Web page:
Ex-Defense Minister may become next Rostech Deputy CEO
Anatoly Serdyukov has made quite a career at Rostekhnologii (Rostech) and may soon become Sergei Chemezov’s Deputy.
Anatoly Serdyukov, who had left the Defense Minister’s post with a scandal may become the next Rostech Deputy CEO, reported Kommersant citing sources in the government. Yesterday’s changes in the Ministry of Defense and the Federal Service for Military and Technical Cooperation (FSMTC) should be seen as the end of "the first step to update MTC system management team." Let us recall that Russian President Vladimir Putin appointed Aleksandr Fomin (former FSMTC CEO) as the Deputy Defense Minister. Dmitry Shugaev, the Rostech Deputy CEO, took his place. There is no official information yet as to who is going to be next Sergei Chemezov’s Deputy.
Anatoly Serdyukov began his career in Rostech after he was convicted and then pardoned for negligence in a case of multi-billion dollar thefts in the Defense Ministry. In November 2013, he was appointed CEO of the Federal Research and Testing Engineering Center (FRTEC, JSC), and a year later he became adviser to the First Deputy CEO of the state corporation. In 2015 he was appointed Industrial Director of Rostech Aviation Complex and board member of United Engine Corporation (UEC), also part of the state holding company. Then the former Minister of Defense became a member of the Board at Rostech in October 2016.
Soon he may replace Sergei Chemezov in the board of directors of the United Aircraft Corporation (UAC). According to the Kommersant, the name of Anatoly Serdyukov is listed among the Russian candidates for the UAC Council that the Ministry of Economy tabled in January.
The court appointed oppositionist Alexey Navalny 20-day arrest immediately after doing another term. During the hearing, he promised to respond to the director of Rosgvardiya after watching his challenge to a duel.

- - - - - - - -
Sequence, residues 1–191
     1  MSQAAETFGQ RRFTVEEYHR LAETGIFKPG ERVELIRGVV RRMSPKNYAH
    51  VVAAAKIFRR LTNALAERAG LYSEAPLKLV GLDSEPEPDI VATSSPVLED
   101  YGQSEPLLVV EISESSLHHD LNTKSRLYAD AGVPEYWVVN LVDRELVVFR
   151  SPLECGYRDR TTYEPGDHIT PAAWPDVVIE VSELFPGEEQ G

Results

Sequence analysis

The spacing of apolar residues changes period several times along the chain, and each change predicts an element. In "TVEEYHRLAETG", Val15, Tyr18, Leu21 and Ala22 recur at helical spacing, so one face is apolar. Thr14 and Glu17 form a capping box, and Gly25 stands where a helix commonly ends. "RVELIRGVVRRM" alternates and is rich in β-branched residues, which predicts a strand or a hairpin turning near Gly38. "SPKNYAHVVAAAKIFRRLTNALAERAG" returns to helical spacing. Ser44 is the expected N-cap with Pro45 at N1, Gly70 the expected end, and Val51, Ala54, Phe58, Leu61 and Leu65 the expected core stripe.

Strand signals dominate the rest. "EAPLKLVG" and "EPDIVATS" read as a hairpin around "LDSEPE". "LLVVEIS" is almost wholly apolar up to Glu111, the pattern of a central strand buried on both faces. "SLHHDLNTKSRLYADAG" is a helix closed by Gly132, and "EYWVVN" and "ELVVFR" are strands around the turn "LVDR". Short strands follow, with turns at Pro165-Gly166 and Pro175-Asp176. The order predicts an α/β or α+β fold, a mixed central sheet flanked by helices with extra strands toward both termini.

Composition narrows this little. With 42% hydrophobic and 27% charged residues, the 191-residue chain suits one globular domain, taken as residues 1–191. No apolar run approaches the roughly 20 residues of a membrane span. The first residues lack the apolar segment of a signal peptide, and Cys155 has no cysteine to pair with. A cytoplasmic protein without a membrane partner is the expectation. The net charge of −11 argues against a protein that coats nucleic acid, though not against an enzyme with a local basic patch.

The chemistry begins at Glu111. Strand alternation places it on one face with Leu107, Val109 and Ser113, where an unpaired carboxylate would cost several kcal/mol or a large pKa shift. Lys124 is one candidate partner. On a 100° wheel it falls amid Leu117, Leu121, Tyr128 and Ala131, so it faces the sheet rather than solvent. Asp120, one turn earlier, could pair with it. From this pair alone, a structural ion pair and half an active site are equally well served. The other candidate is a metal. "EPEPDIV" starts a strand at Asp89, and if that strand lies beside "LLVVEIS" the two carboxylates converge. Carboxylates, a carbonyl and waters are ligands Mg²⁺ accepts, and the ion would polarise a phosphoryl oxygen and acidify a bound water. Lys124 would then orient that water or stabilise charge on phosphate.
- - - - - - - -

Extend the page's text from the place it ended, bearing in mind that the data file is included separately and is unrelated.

“Such things distract from holidays.” Federal Antimonopoly Service vs. Governor Boris Dubrovsky and his heir
A conflict between the Federal Antimonopoly Service (FAS) and Governor Boris Dubrovsky is escalating in the Chelyabinsk region. The local FAS branch started wondering why most profitable governmental contracts are awarded to companies belonging to miraculously successful businessman Aleksander Dubrovsky. The federal FAS headquarters instituted a case against the Governor. In response, a large-scale smear company targeting the head of the regional FAS branch and involving the Federal Security Service (FSB) of the Russian Federation and law enforcement structures has been launched in the region. However, there are grounds for believing that the recent events in Chelyabinsk are just yet another episode in the ongoing war between the clans of Igor Sechin and Yuri Chaika. Would Boris Dubrovsky and his son fall victims to that confrontation? Or the business of the Governor’s son is going to continue flourishing on budget funds?
In 2015, the members of the organized crime group were acquitted by the Moscow Regional Military Court, however, subsequently, the sentence was revoked by the Supreme Court, and the case was joined with that related to two other members of the gang.